About 1300 prisoners, including Taliban members, on Sunday took control of parts of the prison, Aljazeera reporter Wali Allah Shaheen said.An Associated Press photographer outside Pul-i-charki heard a short burst of gunfire on Sunday morning. A few minutes later, an ambulance carrying an unidentified patient drove out of the prison.
Afghan officials confirmed that parts of the prison had been taken over.
Abdul Salaam Bakshi, chief of prisons in Afghanistan, said that on Saturday night guards had been forced out of a block of Pul-i-charki Prison, which houses inmates including al-Qaida and Taliban convicts.
The prison is under the direct charge of Afghan security forces, but US forces have indirect supervision over it, Shaheen said.
Mohammed Qasim Hashimzai, deputy justice minister, said four inmates had been injured, but prisoners - who said about 20 had been injured - had refused an offer to be treated.
Some inmates tried to escape
He said some inmates were still trying to escape, and about 100 of them had taken control of a women's wing of the prison.
The government decided that prisoners should wear a distinctive uniform after five members of the Taliban movement escaped in January, Shaheen said.
The prisoners refused to wear the uniform and clashed with the guards.
Bakshi said the police had surrounded the prison and no inmate had escaped.
"All the problem is inside the prison. It concerns 1300 people. We want to peacefully resolve it," he said.
He said the prison houses a total of 2000 inmates, and accused the al-Qaida and Taliban inmates of inciting other inmates
A Justice Ministry delegation has visited the prison on the outskirts of the Afghan capital to negotiate with the prisoners.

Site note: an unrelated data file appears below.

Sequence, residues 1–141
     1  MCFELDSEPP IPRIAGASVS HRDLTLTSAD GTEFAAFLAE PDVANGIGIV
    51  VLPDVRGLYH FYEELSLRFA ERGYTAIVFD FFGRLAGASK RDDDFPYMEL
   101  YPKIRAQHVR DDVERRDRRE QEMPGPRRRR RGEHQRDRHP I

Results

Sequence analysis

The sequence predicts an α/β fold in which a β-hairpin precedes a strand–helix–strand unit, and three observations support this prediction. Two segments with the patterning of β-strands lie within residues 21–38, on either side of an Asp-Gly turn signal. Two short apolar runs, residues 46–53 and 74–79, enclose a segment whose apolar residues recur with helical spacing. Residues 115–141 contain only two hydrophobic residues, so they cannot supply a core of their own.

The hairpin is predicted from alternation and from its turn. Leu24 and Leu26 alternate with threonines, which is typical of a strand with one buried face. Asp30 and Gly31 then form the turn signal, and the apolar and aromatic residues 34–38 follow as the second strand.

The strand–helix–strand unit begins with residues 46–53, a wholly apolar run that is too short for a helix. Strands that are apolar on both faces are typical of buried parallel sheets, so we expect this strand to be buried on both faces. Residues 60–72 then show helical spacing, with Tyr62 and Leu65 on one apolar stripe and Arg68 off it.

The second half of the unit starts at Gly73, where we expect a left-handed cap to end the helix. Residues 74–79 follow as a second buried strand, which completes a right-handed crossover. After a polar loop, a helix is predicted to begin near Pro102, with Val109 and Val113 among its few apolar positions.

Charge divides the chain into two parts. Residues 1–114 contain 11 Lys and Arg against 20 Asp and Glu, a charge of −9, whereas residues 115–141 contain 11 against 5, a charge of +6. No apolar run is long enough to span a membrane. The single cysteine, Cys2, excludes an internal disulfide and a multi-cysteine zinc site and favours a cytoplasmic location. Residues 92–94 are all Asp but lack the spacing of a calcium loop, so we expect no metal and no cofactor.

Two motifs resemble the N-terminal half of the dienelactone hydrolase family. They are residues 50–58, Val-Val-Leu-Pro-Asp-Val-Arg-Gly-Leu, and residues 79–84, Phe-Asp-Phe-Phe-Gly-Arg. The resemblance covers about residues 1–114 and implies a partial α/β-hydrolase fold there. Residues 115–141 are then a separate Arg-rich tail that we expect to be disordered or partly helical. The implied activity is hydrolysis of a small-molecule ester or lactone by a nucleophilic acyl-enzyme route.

"They have demands, we are going to listen to what they want," Hashimzai said.
"If we cannot solve that through negotiations, we have our own options," he added, but declined to say whether that meant using force.
Taliban prisoners tried to
to break out earlier
Bakshi said the inmates had attacked guards and tried to force their way out of their prison block but were stopped.
He said the inmates had small knives and clubs fashioned from wrecked furniture. They had also set fire to the bedding.
Pul-i-charki has suffered breakouts and riots before.
In December 2004, four inmates and four guards died during a 10-hour stand-off that started when some inmates from al-Qaida used razors to wrest some guns from guards and then tried to break out.
Afghan troops stormed the prison and fired guns and rocket-propelled grenades to retake control.
Last month, seven mid-ranking Taliban inmates disguised themselves as visitors and escaped. Some wings of Pul-i-charki are being refurbished to improve security and living conditions.
About 110 Afghan terror suspects are expected to be sent there this year from the US military prison at Guantanamo Bay, Cuba, Afghan officials say.